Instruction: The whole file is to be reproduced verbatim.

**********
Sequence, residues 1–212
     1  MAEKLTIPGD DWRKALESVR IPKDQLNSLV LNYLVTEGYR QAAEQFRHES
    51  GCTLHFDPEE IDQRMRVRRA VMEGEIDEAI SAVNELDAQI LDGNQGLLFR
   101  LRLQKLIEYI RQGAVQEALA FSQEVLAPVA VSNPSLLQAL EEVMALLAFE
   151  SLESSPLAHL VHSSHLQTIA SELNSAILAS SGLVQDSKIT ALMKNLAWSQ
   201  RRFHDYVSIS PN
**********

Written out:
Sequence, residues 1–212
     1  MAEKLTIPGD DWRKALESVR IPKDQLNSLV LNYLVTEGYR QAAEQFRHES
    51  GCTLHFDPEE IDQRMRVRRA VMEGEIDEAI SAVNELDAQI LDGNQGLLFR
   101  LRLQKLIEYI RQGAVQEALA FSQEVLAPVA VSNPSLLQAL EEVMALLAFE
   151  SLESSPLAHL VHSSHLQTIA SELNSAILAS SGLVQDSKIT ALMKNLAWSQ
   201  RRFHDYVSIS PN